Friends and family funding is incredibly popular. A 2014 survey by the Kauffman Foundation found that 40% of startup funding came from friends and family. We’re not here to knock it. This funding approach is built on the strength of your relationships. Protect those relationships by clearly putting everything in writing. If you receive an investment from a friend or family member, you want to outline the total investment amount, any repayment expectations (and relevant terms), the equity the person will have, if they’ll have a board seat, and so on.

Angel Investors

Angel investors are independently wealthy private investors who invest in early-stage startups in exchange for equity. The funding-for-ownership model makes angel investors similar to venture capitalists but they differ in a couple of important ways. Angel investors tend to invest with their own money rather than through an established venture capital firm. An angel investment is typically awarded to an early-stage startup, and angel investors typically tend to show more patience with the entrepreneurs they finance. They don’t expect to see you immediately succeed and scale. They understand that there are hiccups to starting a business, and they typically don’t expect a return on their investment as quickly.

Venture Capital

Venture capital is a form of private equity and financing for entrepreneurs. A venture capital firm will typically invest later in the process, once the business has been established. The benefit of venture capital is that it gives you a lotta moola (technical term) and prestige. A venture capital fund won’t invest in your business unless they think it has the potential to deliver a substantial return on investment. Because of this, they tend to look for innovation that is poised to “disrupt” an industry (a term they seem to love to throw around).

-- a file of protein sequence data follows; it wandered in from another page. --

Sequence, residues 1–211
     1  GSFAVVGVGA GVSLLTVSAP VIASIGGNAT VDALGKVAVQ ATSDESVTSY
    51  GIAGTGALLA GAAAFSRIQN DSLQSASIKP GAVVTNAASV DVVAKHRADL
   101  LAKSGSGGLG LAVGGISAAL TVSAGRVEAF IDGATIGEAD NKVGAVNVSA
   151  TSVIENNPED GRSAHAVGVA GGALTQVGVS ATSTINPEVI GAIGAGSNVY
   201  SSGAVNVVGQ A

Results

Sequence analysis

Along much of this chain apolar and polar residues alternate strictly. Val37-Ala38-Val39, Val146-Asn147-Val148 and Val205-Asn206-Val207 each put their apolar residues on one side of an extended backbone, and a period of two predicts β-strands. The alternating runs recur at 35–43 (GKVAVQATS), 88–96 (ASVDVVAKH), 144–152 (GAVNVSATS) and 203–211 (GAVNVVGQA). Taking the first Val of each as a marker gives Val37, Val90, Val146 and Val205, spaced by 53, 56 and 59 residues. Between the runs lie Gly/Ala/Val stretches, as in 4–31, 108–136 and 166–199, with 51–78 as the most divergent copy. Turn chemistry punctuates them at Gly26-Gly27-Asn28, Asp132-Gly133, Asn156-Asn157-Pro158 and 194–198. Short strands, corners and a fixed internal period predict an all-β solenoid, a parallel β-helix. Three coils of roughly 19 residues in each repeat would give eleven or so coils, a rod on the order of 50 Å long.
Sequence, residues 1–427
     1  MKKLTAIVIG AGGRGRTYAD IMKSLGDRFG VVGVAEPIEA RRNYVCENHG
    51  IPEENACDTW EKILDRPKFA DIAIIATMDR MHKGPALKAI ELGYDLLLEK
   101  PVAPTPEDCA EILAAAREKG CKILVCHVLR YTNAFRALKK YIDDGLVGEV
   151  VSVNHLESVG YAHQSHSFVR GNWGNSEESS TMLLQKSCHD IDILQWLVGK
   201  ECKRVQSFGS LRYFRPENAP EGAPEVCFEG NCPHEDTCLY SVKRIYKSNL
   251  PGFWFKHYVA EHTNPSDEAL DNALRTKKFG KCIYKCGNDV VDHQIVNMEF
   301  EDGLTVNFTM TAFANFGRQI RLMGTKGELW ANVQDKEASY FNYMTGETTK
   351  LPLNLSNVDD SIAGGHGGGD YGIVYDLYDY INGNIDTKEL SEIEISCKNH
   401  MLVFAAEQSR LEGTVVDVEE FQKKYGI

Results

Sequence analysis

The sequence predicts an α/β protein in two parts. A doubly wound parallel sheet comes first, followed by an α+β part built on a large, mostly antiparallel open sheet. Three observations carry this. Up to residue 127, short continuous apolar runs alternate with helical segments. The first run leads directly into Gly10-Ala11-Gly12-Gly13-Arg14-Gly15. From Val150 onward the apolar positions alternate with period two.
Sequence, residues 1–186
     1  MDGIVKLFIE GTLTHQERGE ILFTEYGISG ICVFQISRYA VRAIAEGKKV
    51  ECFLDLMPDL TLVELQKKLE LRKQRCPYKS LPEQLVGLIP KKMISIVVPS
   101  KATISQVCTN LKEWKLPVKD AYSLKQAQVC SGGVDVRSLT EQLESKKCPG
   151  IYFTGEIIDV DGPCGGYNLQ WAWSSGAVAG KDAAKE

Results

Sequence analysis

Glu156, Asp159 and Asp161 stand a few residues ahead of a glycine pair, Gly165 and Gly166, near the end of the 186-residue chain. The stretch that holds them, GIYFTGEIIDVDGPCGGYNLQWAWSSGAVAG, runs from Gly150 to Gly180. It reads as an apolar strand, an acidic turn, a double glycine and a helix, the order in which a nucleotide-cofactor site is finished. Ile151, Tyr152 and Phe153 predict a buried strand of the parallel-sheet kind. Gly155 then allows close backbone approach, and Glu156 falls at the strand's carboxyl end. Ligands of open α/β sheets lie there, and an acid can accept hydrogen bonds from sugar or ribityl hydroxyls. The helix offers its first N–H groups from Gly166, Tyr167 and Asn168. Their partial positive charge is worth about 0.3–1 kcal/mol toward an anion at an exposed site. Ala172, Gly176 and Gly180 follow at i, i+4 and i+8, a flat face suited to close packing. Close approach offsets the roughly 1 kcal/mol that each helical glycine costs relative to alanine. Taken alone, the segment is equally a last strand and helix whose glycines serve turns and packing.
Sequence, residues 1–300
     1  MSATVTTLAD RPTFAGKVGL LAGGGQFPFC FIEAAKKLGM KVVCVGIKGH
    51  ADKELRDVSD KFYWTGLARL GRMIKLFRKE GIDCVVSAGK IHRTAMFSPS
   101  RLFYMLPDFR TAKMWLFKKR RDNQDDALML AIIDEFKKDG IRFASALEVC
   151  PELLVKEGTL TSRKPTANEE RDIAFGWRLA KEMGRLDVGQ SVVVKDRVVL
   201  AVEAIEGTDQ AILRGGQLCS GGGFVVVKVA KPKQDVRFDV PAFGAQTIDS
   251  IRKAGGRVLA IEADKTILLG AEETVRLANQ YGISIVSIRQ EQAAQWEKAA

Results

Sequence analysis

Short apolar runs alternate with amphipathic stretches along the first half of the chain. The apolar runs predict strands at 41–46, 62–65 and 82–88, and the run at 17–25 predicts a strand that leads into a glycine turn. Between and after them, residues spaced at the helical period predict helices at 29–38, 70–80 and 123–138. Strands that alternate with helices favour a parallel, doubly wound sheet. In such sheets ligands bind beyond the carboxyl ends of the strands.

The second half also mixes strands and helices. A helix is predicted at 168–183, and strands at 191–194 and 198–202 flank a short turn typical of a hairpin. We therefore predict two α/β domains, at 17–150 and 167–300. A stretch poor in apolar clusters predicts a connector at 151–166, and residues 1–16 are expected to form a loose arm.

So what’s the drawback of venture capital funding? A venture capital investor is looking for a return on their investment—sooner rather than later. Once you take on this form of funding, there will be extreme pressure to grow and perform. The ultimate goal for venture capital-backed startups is either an acquisition by a larger company or an Initial Public Offering (IPO). The pressure to grow quickly can be a boon for some companies, but it can also be too much, as we’ve seen with many a tech startup.


Small business grants can be an amazing opportunity to fund a new business, especially for aspiring entrepreneurs who may not have traditional access to other forms of funding. You don’t have to return a small business grant, so it’s essentially free money to give you the cash flow you need to make your dreams come true. Grants are especially well suited for businesses owned by traditionally marginalized entrepreneurs—women, People of Color, LGBTQIA+, and entrepreneurs with disabilities— and there are many grant programs specifically for different demographics. There are also specific grant programs for veterans and service members.

Mission-driven organizations are also well-suited to pursuing grant funding, as there are more and more grant programs popping up to support sustainable and socially conscious businesses that have the potential to fuel a regenerative economy.

The downside of grants is that they are highly competitive, and it’s often time-consuming to apply. If you decide to seek out grant funding, choose a grant program that matches your business. It’s better to take a targeted approach rather than casting a wide net. You may also want to consider hiring a consultant who specializes in grant writing to give you the best shot of securing a grant. If you go this route, make sure to ask the consultant for examples of grants they’ve secured for other businesses. You may even want to ask what the grant amounts were relative to what the consultant billed for help writing the grant, so you can decide if the investment is worth the return.